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January 17, 1943 - Image 7

Resource type:
Text
Publication:
The Michigan Daily, 1943-01-17

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STU ATA, 11-.14

'xis i rii 1- . .

__

. . n..w ..r 4. W.V i iF/av

t

Puckmen Bow Again to
Gopher Stickmen, 4-0

Underdog Mat Squad Pits Holds
against Spartans Monday Night

p. . . .l ere And Mail ToAU.-M. Man In The Armed Forces-----------
SERVICE '4,
EDITION t4r4I tgatt atILj
VOL. 1, No. 19 ANN ARBOR, MICHIGAN JANUARY 17, 1943
FIRST OFFICIAL ac-' in the hospital They combine efforts whenever maintained by a .qaffmitt.

Special to The Daily
MINNEAPOLIS, Minn., Jan. 16.-
Minnesota's Golden Gopher hockey
team applied the whitewash brush to
Michigan's game but outclassed sex-
tet here tonight, as it scored four
goals to none for the Wolverines in
a one-sided, penalty-dominated bat-
tle.
In gaining their second shut-out
victory in the two game series, the
Gophers virtually ruined the chances
of Eddie Lowrey's sextet to gain the
Big Ten title.
Footballers Dick Kelley, Bob Grai-
ziger and Don Nolander led the vic-
tors in the scoring department. After
the WolverinAe defense held the Go-
phers in check for nineteen minutes
of the first period, Graiziger and Kel-
ley slipped the puck past Hank Loud
for two goals, with less than forty
seconds separatink the two goals.
In the second period this same
pair combined to score the third Min-
nesota tally of the evening. Kelley
fired a beautiful pass to the eager
stick of Graiziger, who skated in fast,
pulled Loud off balance, and whipped
the puck ihto the net.
The final Viking score came in the
same period on an unassisted screen
shot by Don Nolander. The Gopher
husky blazed the puck past Michi-
gan's defense men, who obscured the

Loud's vision, from over thirty feet
out.
Throughout, the game was marked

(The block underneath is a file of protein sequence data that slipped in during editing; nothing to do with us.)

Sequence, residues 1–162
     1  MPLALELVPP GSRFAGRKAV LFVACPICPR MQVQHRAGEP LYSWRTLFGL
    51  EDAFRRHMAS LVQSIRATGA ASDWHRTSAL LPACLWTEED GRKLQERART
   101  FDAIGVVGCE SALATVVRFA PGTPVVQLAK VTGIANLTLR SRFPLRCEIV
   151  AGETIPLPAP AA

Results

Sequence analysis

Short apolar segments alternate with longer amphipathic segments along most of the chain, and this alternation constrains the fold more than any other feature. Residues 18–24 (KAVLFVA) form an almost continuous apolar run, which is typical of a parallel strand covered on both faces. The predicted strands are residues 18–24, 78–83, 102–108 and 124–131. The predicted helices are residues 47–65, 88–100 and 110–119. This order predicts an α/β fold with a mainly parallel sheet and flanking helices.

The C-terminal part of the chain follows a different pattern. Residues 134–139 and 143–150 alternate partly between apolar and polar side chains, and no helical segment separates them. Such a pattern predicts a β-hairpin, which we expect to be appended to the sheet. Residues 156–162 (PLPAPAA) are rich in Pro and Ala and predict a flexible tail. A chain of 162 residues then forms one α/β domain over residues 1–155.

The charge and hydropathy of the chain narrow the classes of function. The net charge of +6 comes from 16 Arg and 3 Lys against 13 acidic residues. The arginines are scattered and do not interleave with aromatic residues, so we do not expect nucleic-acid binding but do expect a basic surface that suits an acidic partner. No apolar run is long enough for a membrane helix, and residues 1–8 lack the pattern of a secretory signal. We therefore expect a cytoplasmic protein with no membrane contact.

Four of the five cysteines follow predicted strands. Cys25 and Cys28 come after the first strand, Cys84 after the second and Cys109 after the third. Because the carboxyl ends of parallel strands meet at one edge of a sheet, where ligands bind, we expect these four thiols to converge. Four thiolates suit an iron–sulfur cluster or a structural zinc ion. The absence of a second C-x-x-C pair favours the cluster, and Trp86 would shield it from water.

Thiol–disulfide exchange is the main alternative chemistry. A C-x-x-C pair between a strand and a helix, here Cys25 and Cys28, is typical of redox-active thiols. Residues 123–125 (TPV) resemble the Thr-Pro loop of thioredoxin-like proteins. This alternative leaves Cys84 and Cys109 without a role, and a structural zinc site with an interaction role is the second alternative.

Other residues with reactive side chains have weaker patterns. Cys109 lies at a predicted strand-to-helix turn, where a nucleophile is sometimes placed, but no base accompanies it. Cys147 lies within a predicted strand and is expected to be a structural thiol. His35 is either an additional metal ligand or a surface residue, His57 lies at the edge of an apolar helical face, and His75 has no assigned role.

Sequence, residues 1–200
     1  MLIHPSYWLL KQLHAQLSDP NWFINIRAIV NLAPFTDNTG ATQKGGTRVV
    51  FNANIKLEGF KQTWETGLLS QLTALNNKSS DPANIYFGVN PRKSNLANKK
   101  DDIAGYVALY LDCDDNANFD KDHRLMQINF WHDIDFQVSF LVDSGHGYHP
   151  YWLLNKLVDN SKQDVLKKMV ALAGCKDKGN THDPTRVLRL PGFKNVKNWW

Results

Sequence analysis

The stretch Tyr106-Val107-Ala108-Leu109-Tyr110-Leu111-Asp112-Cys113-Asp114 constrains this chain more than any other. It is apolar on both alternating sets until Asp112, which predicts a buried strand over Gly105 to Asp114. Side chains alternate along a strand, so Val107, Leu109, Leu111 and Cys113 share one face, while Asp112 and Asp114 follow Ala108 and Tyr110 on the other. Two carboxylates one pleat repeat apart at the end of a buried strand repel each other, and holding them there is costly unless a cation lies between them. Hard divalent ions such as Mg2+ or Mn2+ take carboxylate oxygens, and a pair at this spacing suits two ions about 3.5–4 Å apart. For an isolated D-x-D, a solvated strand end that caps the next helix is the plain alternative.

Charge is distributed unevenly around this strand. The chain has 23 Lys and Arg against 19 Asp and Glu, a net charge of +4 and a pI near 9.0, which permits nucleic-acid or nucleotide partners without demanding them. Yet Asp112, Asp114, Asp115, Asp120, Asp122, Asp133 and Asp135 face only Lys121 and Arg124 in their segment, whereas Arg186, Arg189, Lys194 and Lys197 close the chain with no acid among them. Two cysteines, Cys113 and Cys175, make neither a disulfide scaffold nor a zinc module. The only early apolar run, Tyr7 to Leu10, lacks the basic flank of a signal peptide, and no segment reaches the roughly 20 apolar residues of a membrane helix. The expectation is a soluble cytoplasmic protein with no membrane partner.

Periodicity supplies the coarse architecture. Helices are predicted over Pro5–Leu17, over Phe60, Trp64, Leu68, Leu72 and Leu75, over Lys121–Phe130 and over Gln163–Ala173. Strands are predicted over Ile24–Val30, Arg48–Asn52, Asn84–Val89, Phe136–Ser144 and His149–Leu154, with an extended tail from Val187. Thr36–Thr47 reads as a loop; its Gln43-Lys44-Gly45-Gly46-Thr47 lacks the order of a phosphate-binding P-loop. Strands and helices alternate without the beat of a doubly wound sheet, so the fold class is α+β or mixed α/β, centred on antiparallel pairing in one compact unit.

by extreme roughnes on both sides.
Harried officials were forced to call

By BOB SCHWARZKOPF
Michigan will attempt to gain its
first wrestling triumph over Michigan
State in three years when the Wol-
verine matmen come to grips with
the Spartans at East Lansing tomor-
row evening.
Highlighting the meet will be the
match between Wolverine Captain
Manley Johnson and Bill Maxwell at
145 pounds. This affair, by far the
top attracion of the evening, will pit
a Big Ten mat champion against a
national titlist and if the result of
any one match is in doubt, this is the
one. Johnson, conference titleholder
at 145 pounds, is to oppose the NCAA
136-pound champ, one of the two
collegiate champions that State has
to offer.
Kopel Faces Rational Titlist
Another match which should set
off plenty of fireworks is the 128-
pound tilt. Here again, the Spartans
will put up a national titlist, in the
person of Cut Jennings who claims
the NCAA crown at 121 pounds. But
Jennings won't have a clear path to
victory for he will be up against one
of the Wolverine lettermen, Dick Ko-
pel, who can, be counted on to put up
a good battle under any circum-
stances.
The hard luck which befell the
Michigan matmen when Larry Loftus
was injured this week also struck the
State squad and as a result the Spar-

tans may have to do without the
sophomore who was scheduled to
hold down the Varsity 136-pound
spot, Ignatz Konrad. The Wolverines
are hoping to pick up several of their
points here with Harold Rudel on
the mat for Michigan.
McDonald Replaces Loftus
Bob McDonald is scheduled to re-
place Loftus for the Varsity at -121
pounds, and is bound to have a tough